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Executive Functioning Writing

Coping with Executive Function Deficits in the Context of Writing

ChildNEXUS

April 17, 2018
4105

Staring at a blank screen. Tapping a pencil incessantly. Crumpling up a draft out of frustration. We’ve all witnessed a student struggling with writing. There are many reasons a student may demonstrate difficulties with writing, including attention difficulties, aversion, dysgraphia, or executive function deficits. In this blog, we are going to focus on how executive function impacts writing.

Executive function skills, including the ability to initiate, break down, and follow through on multi-step tasks, are critical in attaining academic success. While executive functioning deficits are known to positively impact a student’s ability to organize and execute tasks, they can also adversely affect a student’s ability to write.

Let’s break down the writing process by looking at the executive functions required to successfully complete subtasks. We are going to focus on take-home essays, as in-class writing often requires a different approach. Writing requires students to have all executive functions intact, as one must be able to plan, set goals, and self-start to compose a well-written essay. The ability to chunk and “backwards plan” is essential in completing a writing assignment in a meaningful, timely manner. All students, and especially those with impacted executive functioning, would benefit from a structured task list for writing assignments.

I’ve included a general task list below. Let’s look at how many executive functions play an integral role in the steps of the writing process:

Writing Process
Executive Functions

Preview the writing prompt and determine the task, audience, and   purpose (TAP)

Planning, activation, cognitive flexibility, prioritizing, and working memory                  

Conduct research

Organization of thoughts, sequential thinking, planning and activation

Take notes in a graphic organizer

Sequential thinking, organization of thoughts, and prioritizing

Determine a thesis statement

Organization of thoughts and prioritizing

Draft an outline (using a structured template)

Sequential thinking, organization of thoughts, self-regulation,   working memory, planning and activation

Write a first draft

Planning, activation, organization of thoughts, working memory,   prioritizing and self-regulation

Ask for feedback

Planning, activation and cognitive flexibility  

Revise

Sequential thinking, planning and activation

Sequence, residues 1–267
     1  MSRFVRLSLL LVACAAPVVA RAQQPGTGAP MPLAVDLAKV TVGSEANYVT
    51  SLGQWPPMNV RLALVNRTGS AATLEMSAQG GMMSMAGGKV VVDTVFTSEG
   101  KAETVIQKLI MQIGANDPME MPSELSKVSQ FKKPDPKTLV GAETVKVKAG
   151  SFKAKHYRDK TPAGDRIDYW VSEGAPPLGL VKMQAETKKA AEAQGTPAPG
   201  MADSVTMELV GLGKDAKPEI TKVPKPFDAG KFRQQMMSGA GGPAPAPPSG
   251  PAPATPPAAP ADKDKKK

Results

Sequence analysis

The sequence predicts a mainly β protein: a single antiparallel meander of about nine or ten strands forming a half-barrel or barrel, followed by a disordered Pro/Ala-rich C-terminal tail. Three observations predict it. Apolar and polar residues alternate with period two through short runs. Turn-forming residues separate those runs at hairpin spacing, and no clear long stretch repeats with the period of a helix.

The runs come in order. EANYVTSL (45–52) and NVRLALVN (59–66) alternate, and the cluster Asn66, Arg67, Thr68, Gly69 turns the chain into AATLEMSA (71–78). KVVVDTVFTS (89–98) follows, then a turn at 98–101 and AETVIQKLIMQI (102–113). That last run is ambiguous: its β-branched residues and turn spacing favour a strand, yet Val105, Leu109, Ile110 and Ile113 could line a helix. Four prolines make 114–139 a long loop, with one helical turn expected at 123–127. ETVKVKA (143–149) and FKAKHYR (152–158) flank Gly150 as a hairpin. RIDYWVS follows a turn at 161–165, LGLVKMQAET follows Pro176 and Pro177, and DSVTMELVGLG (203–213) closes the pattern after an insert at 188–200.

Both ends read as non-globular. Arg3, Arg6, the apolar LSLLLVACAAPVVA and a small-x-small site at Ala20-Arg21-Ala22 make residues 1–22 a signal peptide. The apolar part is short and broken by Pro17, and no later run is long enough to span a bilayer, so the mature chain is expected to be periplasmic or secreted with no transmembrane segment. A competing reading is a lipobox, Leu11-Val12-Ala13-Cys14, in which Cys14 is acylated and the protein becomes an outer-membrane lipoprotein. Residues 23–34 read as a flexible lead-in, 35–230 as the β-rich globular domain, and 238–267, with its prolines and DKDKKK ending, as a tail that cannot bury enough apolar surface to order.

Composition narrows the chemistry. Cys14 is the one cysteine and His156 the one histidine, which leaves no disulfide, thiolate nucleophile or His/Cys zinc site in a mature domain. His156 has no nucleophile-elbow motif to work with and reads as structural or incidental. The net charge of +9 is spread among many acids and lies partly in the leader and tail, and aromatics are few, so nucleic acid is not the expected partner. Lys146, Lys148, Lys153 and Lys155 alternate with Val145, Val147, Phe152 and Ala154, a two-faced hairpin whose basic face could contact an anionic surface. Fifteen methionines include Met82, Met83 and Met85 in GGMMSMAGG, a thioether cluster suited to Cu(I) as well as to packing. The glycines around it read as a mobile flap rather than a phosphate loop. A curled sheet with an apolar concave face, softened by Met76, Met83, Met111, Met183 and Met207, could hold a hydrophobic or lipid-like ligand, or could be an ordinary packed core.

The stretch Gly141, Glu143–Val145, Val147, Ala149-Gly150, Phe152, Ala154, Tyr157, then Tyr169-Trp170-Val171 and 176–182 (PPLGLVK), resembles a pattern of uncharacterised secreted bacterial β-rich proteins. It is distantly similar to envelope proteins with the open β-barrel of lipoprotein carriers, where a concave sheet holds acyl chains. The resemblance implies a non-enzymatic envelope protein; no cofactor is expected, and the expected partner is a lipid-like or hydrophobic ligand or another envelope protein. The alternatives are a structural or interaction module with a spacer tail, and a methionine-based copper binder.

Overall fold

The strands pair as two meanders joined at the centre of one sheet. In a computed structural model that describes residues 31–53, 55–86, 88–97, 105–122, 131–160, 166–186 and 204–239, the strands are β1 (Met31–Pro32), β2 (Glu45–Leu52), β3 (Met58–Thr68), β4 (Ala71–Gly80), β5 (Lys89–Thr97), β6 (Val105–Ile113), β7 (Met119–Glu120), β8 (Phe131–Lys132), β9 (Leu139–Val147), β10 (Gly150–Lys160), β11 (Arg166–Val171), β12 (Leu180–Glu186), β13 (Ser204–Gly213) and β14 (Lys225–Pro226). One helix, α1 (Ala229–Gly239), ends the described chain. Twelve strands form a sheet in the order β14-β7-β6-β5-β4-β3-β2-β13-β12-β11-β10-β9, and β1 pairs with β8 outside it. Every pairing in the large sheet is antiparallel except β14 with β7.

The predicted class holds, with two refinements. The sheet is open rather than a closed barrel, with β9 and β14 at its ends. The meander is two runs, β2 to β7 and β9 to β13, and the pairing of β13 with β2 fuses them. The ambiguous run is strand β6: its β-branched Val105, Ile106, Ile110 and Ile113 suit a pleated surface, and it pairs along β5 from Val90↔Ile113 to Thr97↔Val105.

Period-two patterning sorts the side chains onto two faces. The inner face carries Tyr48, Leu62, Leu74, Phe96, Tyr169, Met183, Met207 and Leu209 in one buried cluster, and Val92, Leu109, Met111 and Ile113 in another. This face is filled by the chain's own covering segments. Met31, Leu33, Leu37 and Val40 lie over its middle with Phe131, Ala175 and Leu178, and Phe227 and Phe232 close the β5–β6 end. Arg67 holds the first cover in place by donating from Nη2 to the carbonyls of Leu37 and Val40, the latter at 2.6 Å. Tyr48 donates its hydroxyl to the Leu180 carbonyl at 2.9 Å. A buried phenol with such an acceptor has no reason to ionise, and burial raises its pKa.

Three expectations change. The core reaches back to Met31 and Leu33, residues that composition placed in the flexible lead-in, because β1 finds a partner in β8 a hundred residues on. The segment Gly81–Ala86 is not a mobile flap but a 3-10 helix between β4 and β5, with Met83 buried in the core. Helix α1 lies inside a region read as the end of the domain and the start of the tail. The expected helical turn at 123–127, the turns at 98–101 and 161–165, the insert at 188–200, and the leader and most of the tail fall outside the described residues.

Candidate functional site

Self-reflect

Cognitive flexibility and organization of thoughts

As you can see, executive function skills and writing go hand in hand. The steps of the writing process, including prewriting, need to be taught through direct instruction, modeling, and independent practice. When told “write a paragraph,” students with executive function deficits may feel that they do not have enough information to self-start. Although many students skip prewriting, it is an essential component of the writing process that makes compositions coherent, logical, and well-developed. Additionally, the thesis and topic sentences provide a roadmap for the student to self-monitor and stay on topic.

Some students benefit from working with an executive function coach or another adult while working on prewriting, including generating ideas and crafting an outline. Once the student has a completed outline, he or she may think they’re all set. However, sometimes the student doesn’t know how to initiate drafting when left to their own devices. This is when micro goal setting becomes essential. While we ultimately want the student to write independently, this process needs to be scaffolded to allow the student to learn effectively. We can remove that scaffolding later, once the process becomes automated.

When a child feels “stuck,” sometimes the physical act of typing or handwriting can be challenging. An executive function coach or another adult can support the student by allowing them to think aloud and dictate their thoughts. A student with a weak working memory may have difficulty typing their thoughts before forgetting them, which can be frustrating. The adult can take notes as the student talks to facilitate the organizational process. This will build the child’s confidence and help her initiate the writing task. Seeing their thoughts on paper provides visual evidence that the student is on the right path. In addition, hearing their writing read aloud allows the student to self-monitor and edit. Acronyms, such as COPS (Capitalization, Organization, Punctuation, and Spelling), can support students with a systematic, learned approach during the self-editing process. In addition, it’s important that the student refer back to the directions, a rubric, and an example throughout the writing process.

With so much to consider, it’s no wonder that writing is such a laborious skill to master! There are so many valuable apps available to guide students through the writing process. Here are a few of our current favorites:

Brainstorming & Prewriting Tools


Further Reading

  • Executive Functions: Foundations for Learning and Teaching by Patricia W. Newhall  
  • Executive Function in Education by Lynn Meltzer
  • Executive Skills in Children and Adolescents by Peg Dawson and Richard Guare

Author:

Courtney Wittner, M.Ed

Director, Hayutin & Associates 

2500 Santa Monica Boulevard, Suite-100

Santa Monica, CA 90404



Executive Functioning Writing

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